Chronic Sleep Deprivation and Health Brody, J Term Paper

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Chronic Sleep Deprivation and Health

Brody, J.E. Personal Health: At Every Age, Feeling the Effects of Too Little Sleep; the New York Times. (October 23, 2007).

All mammalian species have a need for regular sleep and while it is clear that sleep provides a restorative function, scientists do not yet understand its precise biological function (Siegel, 2005). Numerous prior research studies have established the link between sleep deprivation and impaired attention and daytime mental acuity, but more recent evidence has suggested that chronic sleep deprivation is directly related to heart disease, diabetes, and obesity, in addition to playing a role in depression and behavioral difficulties (Brody, 2007). Combined with the fact that chronic sleep deprivation is considered a social epidemic throughout modern American society, the link between it and some of the most prevalent major health issues makes understanding the precise functions and mechanisms of sleep even more important than previously suspected (Siegel, 2005).

Circadian Rhythms:

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All mammals sleep in patterns that correspond to their species, whether they are active during the day (diurnal) or at night (nocturnal). These circadian rhythm cycles are controlled by the sun and vary significantly both among different species as well as in each species at different periods of development. Human infants, for example, sleep for approximately 16-18 hours per day, although rarely for periods of more than 3-4 hours at a time. By three months of age, human infants automatically begin to sleep more at night and by the age of six, natural patterns emerge that make some of us "night owls" and others early risers (Brody, 2007).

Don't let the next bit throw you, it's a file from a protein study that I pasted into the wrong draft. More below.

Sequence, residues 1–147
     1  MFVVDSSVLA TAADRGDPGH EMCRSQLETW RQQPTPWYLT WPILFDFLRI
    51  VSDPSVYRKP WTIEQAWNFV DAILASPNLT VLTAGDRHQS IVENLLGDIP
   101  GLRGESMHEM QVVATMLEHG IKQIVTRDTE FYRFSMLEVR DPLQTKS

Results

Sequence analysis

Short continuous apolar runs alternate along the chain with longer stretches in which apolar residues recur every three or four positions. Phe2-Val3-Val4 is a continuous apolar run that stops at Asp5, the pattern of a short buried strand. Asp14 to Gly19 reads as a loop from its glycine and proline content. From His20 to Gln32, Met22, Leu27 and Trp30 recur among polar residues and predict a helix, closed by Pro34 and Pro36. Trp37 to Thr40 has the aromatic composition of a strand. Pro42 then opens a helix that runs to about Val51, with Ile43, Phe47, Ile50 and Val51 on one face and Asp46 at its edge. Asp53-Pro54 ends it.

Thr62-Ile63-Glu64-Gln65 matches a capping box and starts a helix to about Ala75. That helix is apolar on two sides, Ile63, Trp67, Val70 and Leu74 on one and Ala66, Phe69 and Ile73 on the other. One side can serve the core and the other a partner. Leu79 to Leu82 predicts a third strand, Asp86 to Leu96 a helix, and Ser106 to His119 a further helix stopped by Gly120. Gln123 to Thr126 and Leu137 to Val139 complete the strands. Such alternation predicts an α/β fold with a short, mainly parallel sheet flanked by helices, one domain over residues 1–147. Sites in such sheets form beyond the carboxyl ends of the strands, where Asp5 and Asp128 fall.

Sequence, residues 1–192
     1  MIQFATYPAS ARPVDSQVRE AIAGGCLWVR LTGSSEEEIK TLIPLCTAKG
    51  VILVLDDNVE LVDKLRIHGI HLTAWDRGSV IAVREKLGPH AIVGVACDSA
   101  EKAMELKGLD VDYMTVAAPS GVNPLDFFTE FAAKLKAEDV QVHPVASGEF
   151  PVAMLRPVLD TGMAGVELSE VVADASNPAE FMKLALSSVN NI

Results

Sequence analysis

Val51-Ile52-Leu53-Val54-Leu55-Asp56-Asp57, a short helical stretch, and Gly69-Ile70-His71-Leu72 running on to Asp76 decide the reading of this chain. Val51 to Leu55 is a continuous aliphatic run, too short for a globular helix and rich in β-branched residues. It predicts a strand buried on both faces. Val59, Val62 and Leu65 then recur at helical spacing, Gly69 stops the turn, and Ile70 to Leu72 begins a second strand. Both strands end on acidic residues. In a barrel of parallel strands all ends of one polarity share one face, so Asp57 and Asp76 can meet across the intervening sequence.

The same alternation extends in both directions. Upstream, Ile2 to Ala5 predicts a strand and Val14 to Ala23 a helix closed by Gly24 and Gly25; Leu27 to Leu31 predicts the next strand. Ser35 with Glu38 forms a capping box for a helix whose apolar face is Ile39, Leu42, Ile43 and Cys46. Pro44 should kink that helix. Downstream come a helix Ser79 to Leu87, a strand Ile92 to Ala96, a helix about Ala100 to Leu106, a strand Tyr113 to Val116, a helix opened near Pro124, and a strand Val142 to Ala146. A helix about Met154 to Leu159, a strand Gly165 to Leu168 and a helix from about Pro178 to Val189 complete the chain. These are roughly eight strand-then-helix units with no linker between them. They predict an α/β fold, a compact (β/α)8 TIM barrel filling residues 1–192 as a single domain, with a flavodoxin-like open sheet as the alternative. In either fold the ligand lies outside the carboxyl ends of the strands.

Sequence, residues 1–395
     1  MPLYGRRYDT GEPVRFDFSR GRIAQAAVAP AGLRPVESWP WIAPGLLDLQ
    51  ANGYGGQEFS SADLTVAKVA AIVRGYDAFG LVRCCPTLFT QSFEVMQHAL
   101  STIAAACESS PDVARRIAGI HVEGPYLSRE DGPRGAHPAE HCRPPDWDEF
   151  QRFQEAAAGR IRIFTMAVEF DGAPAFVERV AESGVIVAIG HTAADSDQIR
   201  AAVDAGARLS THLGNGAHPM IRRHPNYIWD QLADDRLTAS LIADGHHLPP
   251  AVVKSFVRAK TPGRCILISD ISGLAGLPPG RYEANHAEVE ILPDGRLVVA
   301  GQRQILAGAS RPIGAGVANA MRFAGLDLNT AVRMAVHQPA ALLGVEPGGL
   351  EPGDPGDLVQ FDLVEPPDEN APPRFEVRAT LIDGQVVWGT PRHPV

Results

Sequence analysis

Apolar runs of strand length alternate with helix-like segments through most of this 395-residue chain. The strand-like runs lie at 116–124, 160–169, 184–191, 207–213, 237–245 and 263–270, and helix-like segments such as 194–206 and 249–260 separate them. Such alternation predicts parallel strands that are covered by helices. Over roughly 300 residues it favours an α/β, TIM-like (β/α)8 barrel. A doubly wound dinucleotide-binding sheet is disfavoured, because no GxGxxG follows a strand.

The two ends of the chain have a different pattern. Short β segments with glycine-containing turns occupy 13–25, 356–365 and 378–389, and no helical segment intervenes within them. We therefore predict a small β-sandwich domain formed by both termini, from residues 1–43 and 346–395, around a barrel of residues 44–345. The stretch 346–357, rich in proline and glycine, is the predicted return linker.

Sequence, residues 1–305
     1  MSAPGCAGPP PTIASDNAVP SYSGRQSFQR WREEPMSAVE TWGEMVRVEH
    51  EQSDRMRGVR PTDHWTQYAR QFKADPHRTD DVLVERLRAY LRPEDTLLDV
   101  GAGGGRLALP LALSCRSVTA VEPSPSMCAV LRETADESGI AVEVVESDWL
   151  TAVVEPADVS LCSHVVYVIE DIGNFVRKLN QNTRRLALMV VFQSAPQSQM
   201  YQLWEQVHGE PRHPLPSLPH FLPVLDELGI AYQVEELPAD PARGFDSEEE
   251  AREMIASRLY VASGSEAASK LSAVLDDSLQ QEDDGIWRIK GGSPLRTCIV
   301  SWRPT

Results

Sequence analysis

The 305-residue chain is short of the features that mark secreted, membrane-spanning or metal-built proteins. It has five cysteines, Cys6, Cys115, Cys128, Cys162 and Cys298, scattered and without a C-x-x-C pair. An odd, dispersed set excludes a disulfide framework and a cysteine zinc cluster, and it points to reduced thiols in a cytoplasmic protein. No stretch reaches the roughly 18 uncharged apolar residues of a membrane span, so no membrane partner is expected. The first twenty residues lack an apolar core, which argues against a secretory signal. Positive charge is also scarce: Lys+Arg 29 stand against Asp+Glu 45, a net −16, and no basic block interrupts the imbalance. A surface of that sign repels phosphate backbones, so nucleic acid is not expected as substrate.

TOPIC: Term Paper on Chronic Sleep Deprivation and Health Brody, J.E. Assignment

According to the experts, children need more sleep than adults, and the vast majority of us regularly sleep less than we need because of our daily schedules and responsibilities. The need for sleep actually increases shortly before and during puberty, which makes the problem even worse, because during puberty, adolescents begin producing melatonin, the sleep-inducing hormone, at approximately 1:00 AM, which is three hours later than in adults. The fact that multimedia entertainment and Internet access is available 'round the clock seems only to add to the temptation to stay up long into the night (Brody, 2007).

Sleep Deprivation in Modern American Society:

study of nearly 70,000 school-age children between 6 and 17 conducted in 2003 revealed a rate of chronic sleep deprivation that suggests that as many as 15 million students under the age of 18 get much less sleep than they need. Another study involving

7,000 students in Minnesota monitored the benefits of changing school start times from 7:15 to 8:40 and determined that later school hours enabled students to reduce their… [END OF PREVIEW] . . . READ MORE

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How to Cite "Chronic Sleep Deprivation and Health Brody, J" Term Paper in a Bibliography:

APA Style

Chronic Sleep Deprivation and Health Brody, J.  (2007, November 17).  Retrieved September 26, 2021, from

MLA Format

"Chronic Sleep Deprivation and Health Brody, J."  17 November 2007.  Web.  26 September 2021. <>.

Chicago Style

"Chronic Sleep Deprivation and Health Brody, J."  November 17, 2007.  Accessed September 26, 2021.